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Pure Reason Revolution - The Dark Third (2006) Retail CD
Influenced by bands like Pink Floyd (particularly their earliest works), Led Zeppelin, as well as The Beach Boys and The Cure for their vocal harmonies, and even modern day Tool and some grunge elements, The Dark Third is a challenging debut album by Pure Reason Revolution.
The fourth track, "The Ambassadors of Morning", is a solid representative of the full album. It clocks in at a little over 12 minutes; blending numerous musical statements, from the Celtic folk parts to semi-electronic and analog synth work, to ambient atmospherics, to both male and female harmonies often sung in counterpointmore…, to classic rock guitar nuances. The song starts off with subtle keyboards while you can hear lots of sample sounds happening in the background. Far back in the mix, female vocalists hum wordless melodies before a heavier synth layer is introduced. This is followed by a very folky segment mixed with ambience and could make for a great movie soundtrack. The ambience generated by the keyboards is a testimony to the band's love for Pink Floyd. However, as the four-part harmonies kick off, the song turns into post-pop tune with great melodic sensibility. The multi-vocals take a back seat when the first chorus hits the tune with a very repetitive lyrical approach sung by deep, clean male vocals. Eventually the melody reaches its end and another lengthy instrumental section follows with lots of wind effects and sparse synth notes flying around. A grungy Tool can be felt before male and female vocals begin to sing in counterpoint and lead into the second big chorus that is repeated over and over until the last second of the piece.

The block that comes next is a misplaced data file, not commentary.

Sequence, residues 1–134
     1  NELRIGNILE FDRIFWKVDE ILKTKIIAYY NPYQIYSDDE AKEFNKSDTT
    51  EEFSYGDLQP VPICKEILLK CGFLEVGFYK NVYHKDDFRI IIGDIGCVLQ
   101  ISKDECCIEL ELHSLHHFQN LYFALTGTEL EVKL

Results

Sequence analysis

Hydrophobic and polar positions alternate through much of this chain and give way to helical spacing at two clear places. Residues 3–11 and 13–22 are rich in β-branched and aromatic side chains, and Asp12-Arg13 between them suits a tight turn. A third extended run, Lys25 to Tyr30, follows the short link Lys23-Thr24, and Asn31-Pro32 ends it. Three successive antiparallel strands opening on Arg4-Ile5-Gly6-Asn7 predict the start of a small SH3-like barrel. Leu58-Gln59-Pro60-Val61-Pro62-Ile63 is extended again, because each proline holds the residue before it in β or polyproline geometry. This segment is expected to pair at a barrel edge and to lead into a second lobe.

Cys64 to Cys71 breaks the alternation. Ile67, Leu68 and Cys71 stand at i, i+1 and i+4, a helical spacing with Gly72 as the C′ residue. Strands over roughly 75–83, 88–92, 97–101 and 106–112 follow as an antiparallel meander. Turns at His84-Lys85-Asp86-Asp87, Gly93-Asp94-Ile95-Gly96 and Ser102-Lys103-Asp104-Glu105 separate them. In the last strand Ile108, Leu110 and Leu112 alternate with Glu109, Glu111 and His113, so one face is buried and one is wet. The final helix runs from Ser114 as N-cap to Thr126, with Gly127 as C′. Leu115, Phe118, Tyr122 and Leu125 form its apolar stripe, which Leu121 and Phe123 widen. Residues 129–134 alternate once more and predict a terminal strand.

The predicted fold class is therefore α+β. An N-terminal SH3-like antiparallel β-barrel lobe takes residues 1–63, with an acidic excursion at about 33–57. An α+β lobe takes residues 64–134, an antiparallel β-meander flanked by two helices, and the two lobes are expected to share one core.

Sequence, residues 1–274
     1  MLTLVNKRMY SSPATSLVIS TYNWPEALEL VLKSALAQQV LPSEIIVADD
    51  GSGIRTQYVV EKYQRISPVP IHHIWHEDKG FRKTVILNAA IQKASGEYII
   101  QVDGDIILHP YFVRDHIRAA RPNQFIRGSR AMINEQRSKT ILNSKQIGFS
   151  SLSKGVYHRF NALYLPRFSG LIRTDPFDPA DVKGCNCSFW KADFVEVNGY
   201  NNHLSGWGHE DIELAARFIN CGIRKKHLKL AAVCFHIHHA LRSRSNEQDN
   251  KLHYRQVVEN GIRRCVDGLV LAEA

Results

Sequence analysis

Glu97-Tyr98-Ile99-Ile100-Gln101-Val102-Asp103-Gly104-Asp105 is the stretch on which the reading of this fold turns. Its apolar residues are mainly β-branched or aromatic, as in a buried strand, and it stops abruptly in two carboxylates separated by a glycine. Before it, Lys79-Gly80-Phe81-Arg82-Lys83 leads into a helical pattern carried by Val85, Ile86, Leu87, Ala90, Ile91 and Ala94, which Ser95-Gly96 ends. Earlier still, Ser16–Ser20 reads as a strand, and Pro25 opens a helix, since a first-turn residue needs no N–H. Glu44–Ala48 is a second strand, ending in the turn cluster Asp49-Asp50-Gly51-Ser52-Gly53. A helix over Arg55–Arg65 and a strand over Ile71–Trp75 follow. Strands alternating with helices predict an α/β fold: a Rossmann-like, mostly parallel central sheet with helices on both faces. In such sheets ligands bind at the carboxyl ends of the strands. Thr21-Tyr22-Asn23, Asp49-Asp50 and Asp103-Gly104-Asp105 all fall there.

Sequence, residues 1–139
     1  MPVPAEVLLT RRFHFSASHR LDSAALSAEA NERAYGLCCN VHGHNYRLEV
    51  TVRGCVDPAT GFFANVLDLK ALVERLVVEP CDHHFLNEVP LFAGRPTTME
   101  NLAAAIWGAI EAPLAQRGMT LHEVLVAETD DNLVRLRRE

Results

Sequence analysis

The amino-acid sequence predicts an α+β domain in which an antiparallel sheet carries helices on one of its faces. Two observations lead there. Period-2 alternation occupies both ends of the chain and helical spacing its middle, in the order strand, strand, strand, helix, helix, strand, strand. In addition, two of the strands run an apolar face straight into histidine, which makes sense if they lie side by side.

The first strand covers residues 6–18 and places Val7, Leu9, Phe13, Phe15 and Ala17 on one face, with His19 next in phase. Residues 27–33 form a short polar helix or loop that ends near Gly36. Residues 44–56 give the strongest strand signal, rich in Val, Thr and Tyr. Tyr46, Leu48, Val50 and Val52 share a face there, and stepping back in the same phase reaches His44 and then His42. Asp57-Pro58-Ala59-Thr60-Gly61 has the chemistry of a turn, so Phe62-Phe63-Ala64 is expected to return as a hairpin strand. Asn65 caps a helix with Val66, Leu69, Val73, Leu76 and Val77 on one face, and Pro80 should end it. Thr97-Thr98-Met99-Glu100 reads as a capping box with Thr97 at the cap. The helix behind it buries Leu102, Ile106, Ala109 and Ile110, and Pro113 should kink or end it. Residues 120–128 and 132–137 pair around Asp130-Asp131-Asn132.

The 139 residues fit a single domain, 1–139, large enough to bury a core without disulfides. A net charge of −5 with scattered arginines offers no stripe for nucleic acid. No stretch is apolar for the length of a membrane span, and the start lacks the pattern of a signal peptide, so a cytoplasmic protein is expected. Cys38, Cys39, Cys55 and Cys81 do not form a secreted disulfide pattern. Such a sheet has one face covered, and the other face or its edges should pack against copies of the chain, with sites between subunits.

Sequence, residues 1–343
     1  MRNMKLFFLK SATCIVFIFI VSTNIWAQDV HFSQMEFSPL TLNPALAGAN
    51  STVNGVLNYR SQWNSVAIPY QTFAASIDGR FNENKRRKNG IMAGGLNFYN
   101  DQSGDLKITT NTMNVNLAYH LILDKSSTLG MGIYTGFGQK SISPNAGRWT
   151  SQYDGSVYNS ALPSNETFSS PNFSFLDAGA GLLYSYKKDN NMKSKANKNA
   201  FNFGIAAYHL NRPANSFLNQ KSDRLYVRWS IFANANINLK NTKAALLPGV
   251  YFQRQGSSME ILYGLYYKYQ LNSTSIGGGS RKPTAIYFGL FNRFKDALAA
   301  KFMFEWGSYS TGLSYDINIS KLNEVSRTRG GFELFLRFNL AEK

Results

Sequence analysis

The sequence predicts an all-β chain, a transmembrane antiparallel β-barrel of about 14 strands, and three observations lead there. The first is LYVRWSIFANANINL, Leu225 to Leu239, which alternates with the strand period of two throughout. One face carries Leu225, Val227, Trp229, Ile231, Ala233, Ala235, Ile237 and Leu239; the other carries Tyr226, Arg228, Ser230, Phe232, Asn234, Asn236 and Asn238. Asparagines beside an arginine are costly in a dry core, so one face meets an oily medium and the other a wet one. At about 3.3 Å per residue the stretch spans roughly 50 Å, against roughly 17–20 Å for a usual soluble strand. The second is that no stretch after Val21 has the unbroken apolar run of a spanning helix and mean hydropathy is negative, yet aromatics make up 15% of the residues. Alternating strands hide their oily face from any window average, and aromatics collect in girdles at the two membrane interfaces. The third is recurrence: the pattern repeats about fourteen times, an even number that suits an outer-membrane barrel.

The other songs are also composed similarly, always injected with a multitude of similar sounds, but when put together, they form these easy-listening pieces which indicate a promising future for this band. The first song, "Aeropause", evokes Pink Floyd with its droning rhythm and slide guitar. Three members in the band play guitar, and that culminates in a wide-ranging sonic pulse, especially on "Apprentice of the Universe". Also, the "dreamy" feel of the whole album fits the concept. Obviously, the band is quite interested in the phenomen of dreams and their interpretation, and that feel is perfectly captured on the whole album. That said, the avid Floyd, Zeppelin or The Cure fans may question the songs' validity, and to an extent, they may have a point. It's great the band wants to mix all these genres, but doing it right is more important.
The production done by Paul Northfield (Gentle Riant, Rush) is amazing; he's rendered an incredible sonic intensity on this album.
|3||Apprentice Of The Universe|
|4||The Bright Ambassadors Of Morning|
|5||Nimos & Tambos|
|6||Voices In Winter / In The Realms Of The Divine|
|8||Arrival / The Intention Craft|
|9||He Tried To Show The Magic / Ambassadors Return|
- Pure Reason Revolution - The Dark Third (2006) Retail CD
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- 16/08/10 by stsk
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